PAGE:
Dutton hits back at Marles who suggested the Coalition ‘hasn’t positioned us well’ as Labor tackles cost of living crisis

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Opposition Leader Peter Dutton and Defense Minister Richard Marles clashed briefly during a heated debate on breakfast TV about the Australian economy and the cost-of-living crisis that continues to cripple already struggling households.

The Reserve Bank of Australia has already warned that it may need to raise its interest rates twice more before the end of 2022 to combat the “scourge” of inflation.

Economists also predict the cash rate – currently at 2.35 percent after a 0.5 increase this month – will jump another 50 basis points in October.

Treasurer Dr. Jim Chalmers warned again on Friday that the worst was yet to come for the Australian economy as US interest rates rose to their highest level in 40 years.

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Sir. Dutton and Mr. The Marles appeared together on Nine’s Today to discuss the day’s top news and cost of living measures to ease the pressure on families.

Host Karl Stefanovic wondered if the Albanian government went further in the federal budget on top of its low-cost childcare and medicine commitments.

Sir. Marles argued that it was not just Australia but the world that faced “quite significant headwinds” in terms of cost of living pressures.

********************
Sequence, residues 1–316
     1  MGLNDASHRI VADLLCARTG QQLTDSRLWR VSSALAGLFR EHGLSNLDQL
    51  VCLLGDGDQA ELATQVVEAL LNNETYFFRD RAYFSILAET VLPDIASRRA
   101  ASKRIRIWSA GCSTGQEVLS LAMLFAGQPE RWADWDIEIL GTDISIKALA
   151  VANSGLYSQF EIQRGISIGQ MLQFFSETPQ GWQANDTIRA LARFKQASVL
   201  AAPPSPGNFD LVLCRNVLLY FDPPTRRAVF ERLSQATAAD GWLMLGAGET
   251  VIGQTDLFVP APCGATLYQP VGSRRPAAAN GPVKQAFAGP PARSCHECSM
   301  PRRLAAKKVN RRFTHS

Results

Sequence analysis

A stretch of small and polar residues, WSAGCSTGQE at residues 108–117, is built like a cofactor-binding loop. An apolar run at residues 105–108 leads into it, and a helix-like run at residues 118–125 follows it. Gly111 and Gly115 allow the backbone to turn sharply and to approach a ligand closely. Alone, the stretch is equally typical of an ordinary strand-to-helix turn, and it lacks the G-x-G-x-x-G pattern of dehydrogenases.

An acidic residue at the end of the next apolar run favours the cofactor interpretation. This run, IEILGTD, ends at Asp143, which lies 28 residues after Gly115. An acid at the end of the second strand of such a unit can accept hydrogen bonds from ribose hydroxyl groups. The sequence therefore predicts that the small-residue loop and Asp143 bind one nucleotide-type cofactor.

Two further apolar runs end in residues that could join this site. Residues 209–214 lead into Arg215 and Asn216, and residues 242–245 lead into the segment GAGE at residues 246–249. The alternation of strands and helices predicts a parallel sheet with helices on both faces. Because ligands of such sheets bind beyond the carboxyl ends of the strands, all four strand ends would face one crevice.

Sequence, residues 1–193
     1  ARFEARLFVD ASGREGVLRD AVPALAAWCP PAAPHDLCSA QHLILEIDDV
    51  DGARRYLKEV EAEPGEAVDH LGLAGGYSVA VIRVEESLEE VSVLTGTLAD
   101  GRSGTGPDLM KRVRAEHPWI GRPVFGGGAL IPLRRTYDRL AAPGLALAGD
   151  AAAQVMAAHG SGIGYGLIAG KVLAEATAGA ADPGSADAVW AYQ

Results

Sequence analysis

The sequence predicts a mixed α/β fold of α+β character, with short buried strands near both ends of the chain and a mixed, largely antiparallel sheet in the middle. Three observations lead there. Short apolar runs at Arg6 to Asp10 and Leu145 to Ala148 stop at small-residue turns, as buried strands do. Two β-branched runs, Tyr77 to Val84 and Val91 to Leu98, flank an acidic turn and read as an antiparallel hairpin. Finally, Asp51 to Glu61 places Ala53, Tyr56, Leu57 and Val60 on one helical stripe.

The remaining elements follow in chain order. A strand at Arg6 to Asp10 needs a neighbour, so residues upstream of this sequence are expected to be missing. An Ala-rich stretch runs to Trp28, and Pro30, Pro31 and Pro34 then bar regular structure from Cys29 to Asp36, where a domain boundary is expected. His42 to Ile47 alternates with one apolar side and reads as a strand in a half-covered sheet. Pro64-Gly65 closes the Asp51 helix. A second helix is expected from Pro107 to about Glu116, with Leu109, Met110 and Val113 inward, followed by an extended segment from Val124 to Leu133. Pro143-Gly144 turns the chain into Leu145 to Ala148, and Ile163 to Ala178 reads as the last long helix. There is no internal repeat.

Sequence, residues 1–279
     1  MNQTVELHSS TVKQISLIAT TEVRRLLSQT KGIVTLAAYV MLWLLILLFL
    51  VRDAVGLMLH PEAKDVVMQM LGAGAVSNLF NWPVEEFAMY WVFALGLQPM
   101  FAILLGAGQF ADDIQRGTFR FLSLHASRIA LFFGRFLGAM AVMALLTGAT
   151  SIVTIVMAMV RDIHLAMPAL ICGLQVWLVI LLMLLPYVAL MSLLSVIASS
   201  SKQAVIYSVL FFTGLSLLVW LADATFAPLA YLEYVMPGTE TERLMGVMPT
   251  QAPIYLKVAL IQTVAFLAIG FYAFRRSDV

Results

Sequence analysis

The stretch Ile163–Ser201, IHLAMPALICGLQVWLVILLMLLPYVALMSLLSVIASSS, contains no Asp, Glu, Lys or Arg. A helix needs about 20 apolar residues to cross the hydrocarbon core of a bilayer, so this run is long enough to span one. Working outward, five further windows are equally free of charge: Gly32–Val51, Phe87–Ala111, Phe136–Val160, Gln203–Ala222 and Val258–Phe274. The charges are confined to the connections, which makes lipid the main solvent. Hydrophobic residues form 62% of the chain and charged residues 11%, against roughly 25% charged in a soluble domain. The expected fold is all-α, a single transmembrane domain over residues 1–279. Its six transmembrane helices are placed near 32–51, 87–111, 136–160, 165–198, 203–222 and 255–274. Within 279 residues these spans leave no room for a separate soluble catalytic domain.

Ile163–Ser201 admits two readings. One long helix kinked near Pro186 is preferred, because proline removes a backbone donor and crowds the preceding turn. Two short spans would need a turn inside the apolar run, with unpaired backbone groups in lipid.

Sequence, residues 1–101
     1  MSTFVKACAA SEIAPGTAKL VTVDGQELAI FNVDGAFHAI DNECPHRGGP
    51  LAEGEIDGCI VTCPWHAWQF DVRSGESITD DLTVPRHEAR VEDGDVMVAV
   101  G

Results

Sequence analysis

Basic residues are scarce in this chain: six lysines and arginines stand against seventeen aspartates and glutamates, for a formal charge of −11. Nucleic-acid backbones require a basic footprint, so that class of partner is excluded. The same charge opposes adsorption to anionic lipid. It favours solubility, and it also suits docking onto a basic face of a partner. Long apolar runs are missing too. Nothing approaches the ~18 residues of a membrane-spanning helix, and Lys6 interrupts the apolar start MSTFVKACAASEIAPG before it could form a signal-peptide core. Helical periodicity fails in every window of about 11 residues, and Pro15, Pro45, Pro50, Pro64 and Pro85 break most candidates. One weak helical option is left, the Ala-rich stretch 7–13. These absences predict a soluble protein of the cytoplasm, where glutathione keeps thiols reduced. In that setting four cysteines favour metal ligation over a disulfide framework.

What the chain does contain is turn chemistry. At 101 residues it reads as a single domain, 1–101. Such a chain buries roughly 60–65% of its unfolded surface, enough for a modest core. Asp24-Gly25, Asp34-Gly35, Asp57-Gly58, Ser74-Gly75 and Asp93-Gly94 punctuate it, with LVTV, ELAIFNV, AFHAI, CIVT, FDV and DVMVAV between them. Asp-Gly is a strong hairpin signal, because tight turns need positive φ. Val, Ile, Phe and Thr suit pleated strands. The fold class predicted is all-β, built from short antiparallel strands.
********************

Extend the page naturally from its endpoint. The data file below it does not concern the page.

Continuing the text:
“We’re looking at both North America and Western Europe with rising inflation, rising interest rates, and even China’s economy not performing as expected given their zero COVID policy,” he replied.

“A decade — a lost decade of reform within our own economy has not positioned us well to deal with this moment.

“We are confident that with a government that will actually manage the economy and focus on cost of living pressures, we can get through this.”

Dutton was asked his thoughts and questioned if “it’s all your fault” as the Coalition had been in power since late 2013 before Labor’s victory in May.

He claimed that “the foundations of the Australian economy are stronger than almost any other country in the world”.

“So put aside the rhetoric that Richard just gave you about the lost decade and all that nonsense, the increase in the pension was what happens every year,” he said.

“It is indexed to the CPI.

“Every government gets a curveball thrown at them. That’s how today’s government handles it. I’m worried that Labor will make a bad situation worse because they can’t manage money.

The opposition leader then hit out at the Albanian government for not bringing forward the childcare subsidy from July, nor continuing the fuel tax his party introduced when petrol prices rose sharply after the war in Ukraine.

“The childcare subsidy that Richard is talking about doesn’t come until the middle of next year. They are increasing petrol prices by 22 cents a litre,” Mr Dutton added.

“So when families need support, they don’t get it from this government.”

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